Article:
I made my way through the roads of Cherry Log – another uneventful section, but some nice fast paved miles and one evil Brushy Head Gap. My legs were still working reasonably well, so the climbing was not as arduous as I envisioned it being. Seemed after a while my body was on auto-pilot…eat, drink, and pedal. Watson Gap was a nice little grunt followed by a fast descent to Jacks River. Next up was South Fork and what I’ll refer to as Pinhoti Zero. South Fork/Pinhoti Zero also gets an award – this time for being the downright shittiest section of trail along the entire route. It was terribly torn up and muddy from horses and added nothing but a few extra miles and loads of aggravation to the route. This trail was so bad, they may as well give it exclusively to the horse folks or let the forest reclaim it. The only upside was a large creek crossing, which made for an easy water fill, despite it probably being loaded with horse poop.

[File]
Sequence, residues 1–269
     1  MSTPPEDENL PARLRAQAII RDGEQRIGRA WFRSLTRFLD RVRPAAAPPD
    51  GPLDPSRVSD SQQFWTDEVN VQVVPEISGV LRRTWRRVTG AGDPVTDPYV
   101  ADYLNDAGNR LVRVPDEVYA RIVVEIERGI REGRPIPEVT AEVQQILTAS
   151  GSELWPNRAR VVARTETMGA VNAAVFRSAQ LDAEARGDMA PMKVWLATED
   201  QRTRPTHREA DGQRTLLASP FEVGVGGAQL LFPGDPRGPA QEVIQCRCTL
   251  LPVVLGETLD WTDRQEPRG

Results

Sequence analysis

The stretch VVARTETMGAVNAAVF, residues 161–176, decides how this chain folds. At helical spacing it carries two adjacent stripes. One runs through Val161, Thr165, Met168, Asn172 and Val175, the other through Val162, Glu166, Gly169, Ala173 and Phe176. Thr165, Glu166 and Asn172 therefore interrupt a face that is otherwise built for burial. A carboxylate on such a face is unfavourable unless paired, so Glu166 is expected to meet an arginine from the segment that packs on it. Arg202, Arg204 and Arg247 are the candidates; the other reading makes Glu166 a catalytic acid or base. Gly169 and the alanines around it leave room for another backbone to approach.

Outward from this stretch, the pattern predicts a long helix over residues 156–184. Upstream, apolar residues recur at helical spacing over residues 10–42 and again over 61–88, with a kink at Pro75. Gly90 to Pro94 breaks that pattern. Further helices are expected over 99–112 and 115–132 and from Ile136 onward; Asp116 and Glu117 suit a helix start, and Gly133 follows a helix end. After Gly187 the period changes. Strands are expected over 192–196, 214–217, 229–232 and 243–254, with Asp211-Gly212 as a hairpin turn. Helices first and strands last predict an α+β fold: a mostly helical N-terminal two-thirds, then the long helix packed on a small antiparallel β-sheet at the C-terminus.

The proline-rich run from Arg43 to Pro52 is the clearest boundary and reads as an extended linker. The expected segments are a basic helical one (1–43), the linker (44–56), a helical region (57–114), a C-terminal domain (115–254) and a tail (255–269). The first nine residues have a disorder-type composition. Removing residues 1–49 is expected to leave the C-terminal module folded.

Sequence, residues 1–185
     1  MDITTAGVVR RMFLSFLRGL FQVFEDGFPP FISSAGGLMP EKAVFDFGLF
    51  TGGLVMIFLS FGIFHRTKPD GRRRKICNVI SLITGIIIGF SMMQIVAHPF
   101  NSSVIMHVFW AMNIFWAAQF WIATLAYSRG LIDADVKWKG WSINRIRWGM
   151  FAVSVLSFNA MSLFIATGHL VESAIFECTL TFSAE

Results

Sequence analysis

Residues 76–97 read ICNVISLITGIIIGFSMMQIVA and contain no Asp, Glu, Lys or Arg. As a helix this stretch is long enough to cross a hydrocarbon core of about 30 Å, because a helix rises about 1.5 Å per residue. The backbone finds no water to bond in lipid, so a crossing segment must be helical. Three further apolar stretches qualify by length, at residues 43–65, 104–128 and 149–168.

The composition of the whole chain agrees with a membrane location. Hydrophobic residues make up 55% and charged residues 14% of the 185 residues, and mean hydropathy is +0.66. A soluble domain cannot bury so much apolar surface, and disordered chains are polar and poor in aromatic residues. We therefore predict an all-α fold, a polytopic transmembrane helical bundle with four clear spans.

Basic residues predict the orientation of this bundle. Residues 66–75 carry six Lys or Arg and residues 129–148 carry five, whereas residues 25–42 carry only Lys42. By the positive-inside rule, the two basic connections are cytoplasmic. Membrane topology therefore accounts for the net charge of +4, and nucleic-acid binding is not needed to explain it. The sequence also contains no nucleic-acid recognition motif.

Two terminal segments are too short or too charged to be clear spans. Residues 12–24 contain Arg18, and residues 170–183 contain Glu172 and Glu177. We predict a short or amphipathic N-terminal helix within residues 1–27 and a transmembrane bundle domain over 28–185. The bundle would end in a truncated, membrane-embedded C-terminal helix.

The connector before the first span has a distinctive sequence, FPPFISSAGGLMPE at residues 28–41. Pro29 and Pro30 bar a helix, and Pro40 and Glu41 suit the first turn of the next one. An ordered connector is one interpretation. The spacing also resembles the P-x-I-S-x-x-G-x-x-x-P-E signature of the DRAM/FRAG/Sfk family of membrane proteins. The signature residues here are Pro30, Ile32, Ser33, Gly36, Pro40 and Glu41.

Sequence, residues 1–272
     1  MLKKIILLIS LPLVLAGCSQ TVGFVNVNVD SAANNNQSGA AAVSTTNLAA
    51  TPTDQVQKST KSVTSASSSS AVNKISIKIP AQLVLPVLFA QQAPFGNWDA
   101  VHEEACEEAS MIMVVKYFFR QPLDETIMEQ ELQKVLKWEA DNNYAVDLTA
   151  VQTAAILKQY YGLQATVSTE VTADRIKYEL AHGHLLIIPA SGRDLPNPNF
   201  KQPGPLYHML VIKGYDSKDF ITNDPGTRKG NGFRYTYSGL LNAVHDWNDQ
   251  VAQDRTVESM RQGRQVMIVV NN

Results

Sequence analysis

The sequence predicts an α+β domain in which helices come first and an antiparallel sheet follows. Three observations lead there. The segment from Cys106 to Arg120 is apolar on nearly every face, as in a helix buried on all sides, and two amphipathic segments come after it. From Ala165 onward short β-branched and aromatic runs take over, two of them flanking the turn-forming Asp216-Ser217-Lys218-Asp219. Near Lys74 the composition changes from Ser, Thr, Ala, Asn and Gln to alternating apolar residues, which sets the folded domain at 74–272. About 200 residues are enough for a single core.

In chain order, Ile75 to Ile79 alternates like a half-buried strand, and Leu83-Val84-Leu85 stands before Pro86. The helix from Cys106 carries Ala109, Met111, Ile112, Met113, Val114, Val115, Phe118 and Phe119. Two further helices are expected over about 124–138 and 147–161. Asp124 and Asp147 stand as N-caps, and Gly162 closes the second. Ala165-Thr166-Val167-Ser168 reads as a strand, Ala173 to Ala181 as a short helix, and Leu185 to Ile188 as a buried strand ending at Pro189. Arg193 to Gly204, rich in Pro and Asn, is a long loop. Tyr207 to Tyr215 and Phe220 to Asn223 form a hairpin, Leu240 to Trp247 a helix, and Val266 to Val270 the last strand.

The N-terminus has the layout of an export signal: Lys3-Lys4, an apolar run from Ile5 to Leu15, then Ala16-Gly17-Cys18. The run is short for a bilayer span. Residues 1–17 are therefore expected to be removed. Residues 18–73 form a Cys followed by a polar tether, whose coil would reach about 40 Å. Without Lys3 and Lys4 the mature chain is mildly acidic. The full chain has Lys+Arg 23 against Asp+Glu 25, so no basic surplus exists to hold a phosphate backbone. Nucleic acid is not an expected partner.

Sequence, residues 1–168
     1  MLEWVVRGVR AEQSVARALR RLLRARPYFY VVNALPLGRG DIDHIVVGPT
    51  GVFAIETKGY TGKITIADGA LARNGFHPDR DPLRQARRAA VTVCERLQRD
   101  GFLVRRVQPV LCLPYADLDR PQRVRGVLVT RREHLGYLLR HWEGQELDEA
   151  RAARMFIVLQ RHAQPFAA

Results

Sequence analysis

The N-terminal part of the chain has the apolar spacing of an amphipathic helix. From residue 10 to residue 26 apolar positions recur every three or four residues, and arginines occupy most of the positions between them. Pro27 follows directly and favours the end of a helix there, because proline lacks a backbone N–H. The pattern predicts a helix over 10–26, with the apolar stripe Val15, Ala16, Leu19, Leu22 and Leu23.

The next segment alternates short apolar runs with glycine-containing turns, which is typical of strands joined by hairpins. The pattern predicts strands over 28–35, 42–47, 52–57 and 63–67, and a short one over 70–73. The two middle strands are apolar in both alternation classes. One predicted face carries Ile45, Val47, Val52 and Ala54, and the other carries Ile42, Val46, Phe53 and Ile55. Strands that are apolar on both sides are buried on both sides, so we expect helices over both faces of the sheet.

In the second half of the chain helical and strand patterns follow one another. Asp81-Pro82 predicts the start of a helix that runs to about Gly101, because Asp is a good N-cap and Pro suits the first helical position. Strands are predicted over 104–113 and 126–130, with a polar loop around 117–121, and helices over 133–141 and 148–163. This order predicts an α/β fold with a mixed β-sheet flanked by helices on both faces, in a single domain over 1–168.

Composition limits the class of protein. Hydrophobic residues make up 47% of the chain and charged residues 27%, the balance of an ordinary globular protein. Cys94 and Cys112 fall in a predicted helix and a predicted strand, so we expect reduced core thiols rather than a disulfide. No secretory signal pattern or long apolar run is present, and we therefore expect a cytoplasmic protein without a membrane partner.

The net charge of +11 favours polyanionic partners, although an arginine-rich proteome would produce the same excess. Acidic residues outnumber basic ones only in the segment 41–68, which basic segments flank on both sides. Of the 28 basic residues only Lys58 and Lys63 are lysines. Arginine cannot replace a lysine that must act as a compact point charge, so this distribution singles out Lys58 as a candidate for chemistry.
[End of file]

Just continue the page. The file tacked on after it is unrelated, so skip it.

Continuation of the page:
I was thankful to be done with this section – an hour and a half of my life wasted that I won’t ever get back. I was so thankful to be out of the mud and back on FS roads, that the Three Forks and Betty Gap climbs didn’t bother me. I had the bonus of being greeted with a sunrise over Potato Patch Mountain, which was very pretty and lifted my spirits. By this time my sit bones were starting to get pretty sore, wet feet for almost 24 hours had blessed me with some nice trench-foot, and my back was starting to tire from the added weight of the pack. My balance was still pretty off, so the Bear Creek, Pinhoti 1 and Pinhoti 2 singletrack sections were more challenging and much slower than usual. As I hit Mulberry Gap Road, I could smell the barn, but why the hell does it have to be at the top of such a steep hill? The grunty climb up to the barn at Mulberry Gap was a kick in the sore ass. Next year they need to offer a shuttle service up that darn hill!